New Data From Circana BookScan: Adult Fiction Outperforms the U.S. Book Market in 2023, Fifth Year of Unit Growth For Adult Fiction in the U.S.
For the U.S. book industry, annual print volume reached 767 million in 2023, down by 3% compared to 2022, according to Circana, a leading advisor on the complexity of consumer behavior. A sales lift during the fourth quarter and annual gains in adult fiction and young adult were not enough to offset declines primarily driven by the kids’ segment.
Adult fiction was the brightest spot in 2023. Fiction print sales grew by 1%, or 1.5 million units, over the prior year, led by fantasy, romance, coming-of-age, and historical fiction subjects, according to Circana BookScan. This is the fifth year of unit growth for adult fiction in the U.S., which benefited from time spent at home during the pandemic. The young adult segment also posted positive gains in 2023, driven by the dystopian, romance, and thriller genres.
The kids’ book segment experienced the steepest declines in the industry, selling 13.5 million fewer units than 2022 and contributing two-thirds of the market declines. Fantasy, magic, and humorous stories drove the declines in fiction, down from high sales the year before. Pockets of growth included Bluey licensed books, holiday books, and activity books. Kids’ non-fiction volume fell, with study aids and activity books posting the steepest declines, while biography and religion were two growth areas.
“Despite an overall decline and keeping in mind that the market is still normalizing from a record-breaking year the industry had in 2021, the U.S. book market showed resilience in 2023,” said Kristen McLean, books industry analyst at Circana. “The market experienced a more moderate decline in 2023, compared to the prior year, and a stronger than expected Q4. Looking ahead, there are bright spots for genres across different age segments, and despite softer sales, it’s important to remember that kids’ books up eight million units versus 2019.
Here are the themes that McLean is keeping a close eye on as 2024 gets underway:
Continued hedging in consumer sentiment. While the U.S. book market outperformed overall general merchandise in 2023, increased household debt and continuing uncertainty over domestic and global affairs will keep consumers focused on their wallets. For the book market, these macro factors could translate to downward pressure on higher-priced titles after the holiday season, and increased rates of library borrowing over purchasing in the first half of the year.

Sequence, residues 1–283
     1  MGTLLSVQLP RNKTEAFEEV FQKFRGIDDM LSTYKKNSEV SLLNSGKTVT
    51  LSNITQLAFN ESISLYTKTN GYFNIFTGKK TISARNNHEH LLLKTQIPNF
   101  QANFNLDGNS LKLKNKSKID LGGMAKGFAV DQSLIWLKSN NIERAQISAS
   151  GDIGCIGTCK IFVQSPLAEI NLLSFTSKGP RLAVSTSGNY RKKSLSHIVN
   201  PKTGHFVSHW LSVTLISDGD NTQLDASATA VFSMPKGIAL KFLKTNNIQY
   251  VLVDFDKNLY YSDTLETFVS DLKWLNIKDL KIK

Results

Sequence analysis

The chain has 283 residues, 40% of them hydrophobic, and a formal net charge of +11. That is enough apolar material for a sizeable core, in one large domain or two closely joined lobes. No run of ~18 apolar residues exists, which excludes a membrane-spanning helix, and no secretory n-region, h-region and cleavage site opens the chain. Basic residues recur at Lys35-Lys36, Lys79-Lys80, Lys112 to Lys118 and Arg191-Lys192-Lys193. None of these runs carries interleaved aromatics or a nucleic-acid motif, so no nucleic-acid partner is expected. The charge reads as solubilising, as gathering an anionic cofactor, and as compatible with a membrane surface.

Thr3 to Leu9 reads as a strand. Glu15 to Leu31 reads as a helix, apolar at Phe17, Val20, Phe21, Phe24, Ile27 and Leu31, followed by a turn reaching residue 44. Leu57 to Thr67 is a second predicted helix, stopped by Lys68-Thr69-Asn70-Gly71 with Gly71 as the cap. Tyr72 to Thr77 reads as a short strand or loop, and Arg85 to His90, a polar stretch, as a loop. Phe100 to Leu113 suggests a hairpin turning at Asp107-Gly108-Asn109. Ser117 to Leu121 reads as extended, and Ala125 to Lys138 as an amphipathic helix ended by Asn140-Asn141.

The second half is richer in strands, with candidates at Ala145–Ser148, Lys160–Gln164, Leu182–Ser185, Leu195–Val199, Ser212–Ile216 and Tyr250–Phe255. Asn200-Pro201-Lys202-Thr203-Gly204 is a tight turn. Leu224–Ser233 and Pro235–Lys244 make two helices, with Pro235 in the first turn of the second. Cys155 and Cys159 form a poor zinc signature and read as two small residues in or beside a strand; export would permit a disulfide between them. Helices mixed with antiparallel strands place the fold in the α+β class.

The year of “romantasy.” Genre fiction will continue to drive key parts of the book market, and no area is getting as much attention as “romantasy,” or genre fiction that is a blend of romance and fantasy. This fan-centric category has a lot of fuel, authors like Cassandra Clare and Rebecca Yarros are demonstrating how powerful the author and fan relationship can be, and publishers and content producers are investing. Given the high-end finishes and higher price-points the category is commanding, it seems like a good bet. However, it’s questionable how long the runway will be, and whether influencer culture in places like TikTok will remain steadfast enough for the market to size the curve.
History may outperform poli-sci. Sales of history and political science books typically spike in an election year. If modeled off market expectations based on 2016 or 2020, Circana expects a banner year in 2024. However, the political and social environment is different from previous elections. Instead, narrative non-fiction that blends history with psychology and storytelling may be more compelling to readers in 2024 as they look to escape today’s reality by diving into past events.
About Gary Price
Gary Price (email@example.com) is a librarian, writer, consultant, and frequent conference speaker based in the Washington D.C. metro area. He earned his MLIS degree from Wayne State University in Detroit. Price has won several awards including the SLA Innovations in Technology Award and Alumnus of the Year from the Wayne St. University Library and Information Science Program. From 2006-2009 he was Director of Online Information Services at Ask.com.